Places

This is a list of historic places organized alphabetically by street name and then address. The places listed include:

— Most Notable Properties, as designated by the City of Columbia’s Historic Preservation Commission. Here is a database of the Most Notable Properties, provided courtesy of the HPC.

— Other properties of historic significance.

  • 803 Alton Ave, ca. 1914, Vernacular. Harvey and Eugenia Wieghtman House.
  • 1411 Anthony St., 1906, Dutch Colonial revival-style. Arthur and Susie Buchroeder House. Named to the Columbia Most Notable Properties list in 2013. See the article about that here.
  • 1502 Anthony St., 1939, Tudor Revival. Francis Pike House. Named to Notable Properties in 2014.
  • 1133 Ashland Road, not on any historic homes list, but often written about because part of the present building was built by John Boyle Gordon, who was one of the original founders of Smithton/Columbia. According to this 1989 article, it is part of Tara Properties and owned by John McGee, Gary Evans and Tom Mendenhall. John Boyle Gordon was a farmer who served five terms in the Missouri General Assembly, according to a Jan. 15, 1989 article in the Columbia Tribune. The house was renamed Rockhurst by Marshall Gordon after 1897 and it stayed in the Gordon family until 1941 when it was sold to James Taylor. In 1952, James Taylor sold it to James Capen.
  • 206 Bingham Road, 1928, Tudor Revival. Home of Florence Harrison Bill and Harry Satterlee Bill, who was one of Columbia’s best-known architects, according to this 2017 document created for Columbia’s Historic Preservation Commission. For more information, see these this 2012 article documenting the house being named to the Notable Properties List: Six properties to be honored by Columbia’s Historic Preservation Commission.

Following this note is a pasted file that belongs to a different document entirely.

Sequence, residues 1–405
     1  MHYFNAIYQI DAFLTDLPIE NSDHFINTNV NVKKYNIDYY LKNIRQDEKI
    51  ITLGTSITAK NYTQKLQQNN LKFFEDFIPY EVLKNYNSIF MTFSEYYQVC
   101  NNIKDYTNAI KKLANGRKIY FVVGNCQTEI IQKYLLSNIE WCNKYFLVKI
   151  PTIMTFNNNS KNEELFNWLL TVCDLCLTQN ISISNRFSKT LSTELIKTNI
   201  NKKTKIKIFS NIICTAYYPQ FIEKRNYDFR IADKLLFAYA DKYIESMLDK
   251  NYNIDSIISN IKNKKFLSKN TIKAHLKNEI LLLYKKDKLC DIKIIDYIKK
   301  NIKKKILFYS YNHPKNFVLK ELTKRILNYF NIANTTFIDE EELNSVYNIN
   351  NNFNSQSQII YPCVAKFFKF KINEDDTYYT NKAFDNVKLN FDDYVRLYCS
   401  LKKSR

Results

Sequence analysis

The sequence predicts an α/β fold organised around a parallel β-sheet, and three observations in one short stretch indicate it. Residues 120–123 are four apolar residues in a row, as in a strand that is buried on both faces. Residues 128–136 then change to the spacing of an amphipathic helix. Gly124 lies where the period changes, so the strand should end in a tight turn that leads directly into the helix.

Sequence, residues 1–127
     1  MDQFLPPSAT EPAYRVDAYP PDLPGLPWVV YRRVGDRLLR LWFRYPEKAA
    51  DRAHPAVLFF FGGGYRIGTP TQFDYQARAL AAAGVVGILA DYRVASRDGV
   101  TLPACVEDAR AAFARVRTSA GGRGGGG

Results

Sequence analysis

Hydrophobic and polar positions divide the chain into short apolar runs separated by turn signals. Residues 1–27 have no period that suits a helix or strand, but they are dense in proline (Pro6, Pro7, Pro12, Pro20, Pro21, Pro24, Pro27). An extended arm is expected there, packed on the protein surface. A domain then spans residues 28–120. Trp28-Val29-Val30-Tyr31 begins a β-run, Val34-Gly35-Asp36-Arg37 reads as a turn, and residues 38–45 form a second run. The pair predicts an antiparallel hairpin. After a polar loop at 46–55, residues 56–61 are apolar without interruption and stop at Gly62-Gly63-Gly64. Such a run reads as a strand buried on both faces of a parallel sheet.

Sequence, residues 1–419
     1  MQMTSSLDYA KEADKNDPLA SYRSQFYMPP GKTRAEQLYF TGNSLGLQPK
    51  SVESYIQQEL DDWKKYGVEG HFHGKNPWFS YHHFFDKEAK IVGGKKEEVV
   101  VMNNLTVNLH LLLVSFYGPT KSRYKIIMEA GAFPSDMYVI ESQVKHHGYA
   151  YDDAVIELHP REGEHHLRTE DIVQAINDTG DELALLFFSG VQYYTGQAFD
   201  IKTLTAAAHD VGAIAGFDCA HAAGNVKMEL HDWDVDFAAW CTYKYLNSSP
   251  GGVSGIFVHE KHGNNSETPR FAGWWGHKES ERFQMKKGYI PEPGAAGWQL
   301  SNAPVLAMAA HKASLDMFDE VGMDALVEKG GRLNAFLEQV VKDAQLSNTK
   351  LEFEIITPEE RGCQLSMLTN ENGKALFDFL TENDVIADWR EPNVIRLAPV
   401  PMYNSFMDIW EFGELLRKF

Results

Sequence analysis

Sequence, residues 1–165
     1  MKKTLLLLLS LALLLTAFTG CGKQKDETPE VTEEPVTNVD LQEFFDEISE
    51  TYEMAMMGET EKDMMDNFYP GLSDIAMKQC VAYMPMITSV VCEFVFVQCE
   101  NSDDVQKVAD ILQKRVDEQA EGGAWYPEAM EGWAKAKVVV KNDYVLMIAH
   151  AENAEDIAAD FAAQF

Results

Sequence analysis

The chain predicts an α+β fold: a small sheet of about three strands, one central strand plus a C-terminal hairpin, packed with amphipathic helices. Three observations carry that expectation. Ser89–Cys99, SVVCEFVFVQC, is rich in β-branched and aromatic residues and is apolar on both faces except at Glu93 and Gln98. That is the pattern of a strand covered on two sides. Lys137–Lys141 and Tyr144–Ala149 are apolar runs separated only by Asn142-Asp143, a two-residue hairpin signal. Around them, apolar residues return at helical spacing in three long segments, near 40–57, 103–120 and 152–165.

• 211 Bingham, ca. 1927. Georgian Revival. Margaret von Holtzendorff. Named to Notable Properties in 2010.
  • 201 E. Brandon Road, built 1937. Colonial Revival. Margaret and Sidney Neate Home.
  • 313 E. Brandon Road, ca. 1940. Colonial Revival. Newell S. and Fern R. Gingrich.
  • Lee Elementary School, 1208 Locust St. The 1934 school was built using federal New Deal funds. Such projects were funded in an effort during the Great Depression to put the unemployed to work building public projects, according to a Columbia Daily Tribune article published Feb. 3, 2014. The school was named to the Notable Properties List in 2014 according to this Columbia Missourian article dated Jan. 31, 2014 and headlined, ” Lost history: Fairview Cemetery reflects buried history “
  • 10 E. Broadway, 1911, Ulysses S. Grant Elementary School.
  • 1404 E. Broadway, 1905. DEMOLISHED 2013. Late Victorian. Olive and Kennard Chandler. A June 5, 2014 Columbia Daily Tribune article, More ‘historic’ Columbia properties demolished in 2013, explained why it was demolished